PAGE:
The “This is a what?” game. It’s to get you to focus on two tasks at once, without faltering.

It’s hard to explain by typing, but it has a group of people in a circle. They get an item and have to show it to the next person by saying, “This is a ___.” Person B responds with saying, “A what?”

It goes like this:

“This is a ___.” “A what?” “A ____.” “A what?” “A ____.” “Oh! A ____.”

Then Person B turns to the next person (Person C) and tells them what it is. Person B has to not only hear what the next item is, but they have to relay the first item to the next person.

Does that make sense?

11. What’s your favorite show?

I recently got to see River City produced by the Phoenix Theatre, and it has definitely become one of my favorites. In terms of musicals, one of my favorites is Miss Saigon. More favorites would include, The Importance of Being Earnest, Avenue Q, The Producers, The Rocky Horror Picture Show, and there’s probably so many more…

12. Most awkward onstage moment?

Probably when an actor forgot all of his lines and started making things up, which turned out to be hilarious jumbles of words (“It’s Shakespeare, no one knows it anyway”). It was really hard for everyone onstage (and backstage) not to break character and laugh.

13. What would you do if theatre didn’t exist?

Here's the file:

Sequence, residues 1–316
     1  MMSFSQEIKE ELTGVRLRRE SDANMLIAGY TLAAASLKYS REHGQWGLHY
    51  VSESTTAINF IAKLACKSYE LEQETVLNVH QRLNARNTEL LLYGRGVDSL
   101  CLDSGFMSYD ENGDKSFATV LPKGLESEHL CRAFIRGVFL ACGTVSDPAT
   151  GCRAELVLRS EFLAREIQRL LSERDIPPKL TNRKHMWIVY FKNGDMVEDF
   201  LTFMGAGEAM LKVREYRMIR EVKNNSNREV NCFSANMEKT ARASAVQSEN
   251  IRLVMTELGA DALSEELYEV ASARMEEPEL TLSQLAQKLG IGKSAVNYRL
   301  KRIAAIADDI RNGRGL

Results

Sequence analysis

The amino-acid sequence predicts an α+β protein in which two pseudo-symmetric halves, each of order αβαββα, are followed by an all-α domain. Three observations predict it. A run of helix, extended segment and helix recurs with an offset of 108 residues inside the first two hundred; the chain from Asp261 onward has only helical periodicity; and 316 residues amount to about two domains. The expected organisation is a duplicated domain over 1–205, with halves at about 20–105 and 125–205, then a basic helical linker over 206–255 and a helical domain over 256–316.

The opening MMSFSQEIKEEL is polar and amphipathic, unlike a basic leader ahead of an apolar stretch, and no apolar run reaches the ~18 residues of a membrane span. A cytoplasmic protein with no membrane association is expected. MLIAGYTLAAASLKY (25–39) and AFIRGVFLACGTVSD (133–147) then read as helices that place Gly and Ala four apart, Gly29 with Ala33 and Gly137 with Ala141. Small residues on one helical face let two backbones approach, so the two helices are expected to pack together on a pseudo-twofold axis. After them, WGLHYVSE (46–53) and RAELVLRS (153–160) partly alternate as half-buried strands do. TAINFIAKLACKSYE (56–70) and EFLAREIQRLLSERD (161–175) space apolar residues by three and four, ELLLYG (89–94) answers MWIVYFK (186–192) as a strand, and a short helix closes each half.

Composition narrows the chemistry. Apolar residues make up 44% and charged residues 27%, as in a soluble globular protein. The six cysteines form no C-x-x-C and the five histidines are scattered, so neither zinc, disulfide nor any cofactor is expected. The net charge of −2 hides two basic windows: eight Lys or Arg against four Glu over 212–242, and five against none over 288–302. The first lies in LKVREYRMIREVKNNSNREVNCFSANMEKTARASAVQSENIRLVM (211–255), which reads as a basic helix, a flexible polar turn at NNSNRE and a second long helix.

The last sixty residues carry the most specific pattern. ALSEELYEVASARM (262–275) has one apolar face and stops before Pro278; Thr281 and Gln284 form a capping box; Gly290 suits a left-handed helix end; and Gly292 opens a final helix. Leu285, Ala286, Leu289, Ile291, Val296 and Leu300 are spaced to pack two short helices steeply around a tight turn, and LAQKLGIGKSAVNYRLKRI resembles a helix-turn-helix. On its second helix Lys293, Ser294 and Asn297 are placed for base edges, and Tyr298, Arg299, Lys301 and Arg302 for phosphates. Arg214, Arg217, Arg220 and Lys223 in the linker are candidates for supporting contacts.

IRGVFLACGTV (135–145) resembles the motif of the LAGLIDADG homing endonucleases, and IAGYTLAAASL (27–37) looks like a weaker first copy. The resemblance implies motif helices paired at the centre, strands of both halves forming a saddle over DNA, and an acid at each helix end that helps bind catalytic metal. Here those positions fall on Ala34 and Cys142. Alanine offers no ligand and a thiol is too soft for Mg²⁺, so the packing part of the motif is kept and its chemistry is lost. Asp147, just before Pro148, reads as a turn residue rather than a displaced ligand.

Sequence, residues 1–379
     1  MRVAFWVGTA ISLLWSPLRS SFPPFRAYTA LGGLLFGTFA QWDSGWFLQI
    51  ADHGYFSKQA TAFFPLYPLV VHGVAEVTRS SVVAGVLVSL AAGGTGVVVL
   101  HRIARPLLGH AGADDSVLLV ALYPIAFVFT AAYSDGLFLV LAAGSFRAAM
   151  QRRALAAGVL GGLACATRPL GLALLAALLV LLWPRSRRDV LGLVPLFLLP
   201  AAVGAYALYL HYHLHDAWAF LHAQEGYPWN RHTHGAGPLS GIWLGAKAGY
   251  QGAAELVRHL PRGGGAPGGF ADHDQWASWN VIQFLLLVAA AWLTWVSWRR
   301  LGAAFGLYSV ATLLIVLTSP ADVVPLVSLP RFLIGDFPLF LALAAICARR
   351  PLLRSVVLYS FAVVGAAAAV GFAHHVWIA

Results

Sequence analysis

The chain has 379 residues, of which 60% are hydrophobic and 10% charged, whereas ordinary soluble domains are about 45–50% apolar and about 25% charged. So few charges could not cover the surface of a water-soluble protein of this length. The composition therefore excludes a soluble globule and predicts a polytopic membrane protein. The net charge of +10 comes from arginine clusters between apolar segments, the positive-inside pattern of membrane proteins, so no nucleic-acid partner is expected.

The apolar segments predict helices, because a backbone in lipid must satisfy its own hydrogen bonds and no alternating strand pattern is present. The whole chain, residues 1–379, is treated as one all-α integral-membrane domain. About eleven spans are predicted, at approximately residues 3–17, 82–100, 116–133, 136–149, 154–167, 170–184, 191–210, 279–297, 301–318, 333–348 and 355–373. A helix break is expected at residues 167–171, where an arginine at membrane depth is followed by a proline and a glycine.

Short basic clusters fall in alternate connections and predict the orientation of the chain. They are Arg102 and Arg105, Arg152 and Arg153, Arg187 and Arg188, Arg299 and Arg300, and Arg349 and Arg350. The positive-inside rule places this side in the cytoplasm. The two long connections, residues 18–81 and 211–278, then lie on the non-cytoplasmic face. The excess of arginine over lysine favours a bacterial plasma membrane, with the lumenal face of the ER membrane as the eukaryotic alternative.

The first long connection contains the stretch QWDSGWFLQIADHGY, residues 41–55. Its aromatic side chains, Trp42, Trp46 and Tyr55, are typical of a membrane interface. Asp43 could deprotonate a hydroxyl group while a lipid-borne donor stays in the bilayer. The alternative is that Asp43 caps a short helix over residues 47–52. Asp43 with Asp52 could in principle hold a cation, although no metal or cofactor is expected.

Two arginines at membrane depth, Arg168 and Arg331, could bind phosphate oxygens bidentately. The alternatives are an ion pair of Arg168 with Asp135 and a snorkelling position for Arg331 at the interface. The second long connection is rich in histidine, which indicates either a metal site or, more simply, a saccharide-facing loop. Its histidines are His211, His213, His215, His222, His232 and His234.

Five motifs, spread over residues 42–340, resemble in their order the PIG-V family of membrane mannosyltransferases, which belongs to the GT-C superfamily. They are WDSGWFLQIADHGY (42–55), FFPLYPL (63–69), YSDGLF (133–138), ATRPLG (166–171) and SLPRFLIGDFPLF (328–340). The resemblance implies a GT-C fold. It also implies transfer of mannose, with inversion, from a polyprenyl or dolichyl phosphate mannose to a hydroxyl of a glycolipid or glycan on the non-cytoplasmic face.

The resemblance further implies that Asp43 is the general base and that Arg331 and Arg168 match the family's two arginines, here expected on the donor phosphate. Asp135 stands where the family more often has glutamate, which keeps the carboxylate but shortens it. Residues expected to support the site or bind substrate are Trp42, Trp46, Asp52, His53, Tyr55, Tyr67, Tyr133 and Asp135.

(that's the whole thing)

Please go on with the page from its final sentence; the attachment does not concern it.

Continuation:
If it had never existed: I probably would have struggled with trying to find a creative outlet for my energy and would be very bored as an adult.

If it were to suddenly be outlawed or something: I would probably start or join an underground movement to bring it back.

I’m going to tag chommpers and anyone else who wants to share!

Are you involved in theatre, or do you prefer to just watch it? 

Everything, Theatre

Thoughts: Clark Gable Slept Here

Last week I had the chance to see Clark Gable Slept Here written by Michael McKeever and directed by Bryan Fonseca at The Phoenix Theatre. Aside from the amazing acting (as to be expected), I was very happy to have several interesting topics emerge.

1. Does it really matter if someone enormously famous is gay? 

Without giving away too much of the plot, there is someone who is famous that is gay, and according to everyone around him, the news that he is gay would totally ruin the careers of everyone involved. Is that really true? Do we as a society really care so much about the gender of who a person loves, sleeps with, etc. that it would ruin their acting career (let alone the careers of those closest to them)? Why?

Along with that, Raven-Symoné was in the news this week after appearing on Oprah saying that she rejects the notion of labels, especially related to her sexuality. This TIME article sums it up pretty well. She’s got a point that speaks closely to the plot of the play: sexuality shouldn’t define a person or their career.

2. A play can have both English and Spanish in it while still flowing well.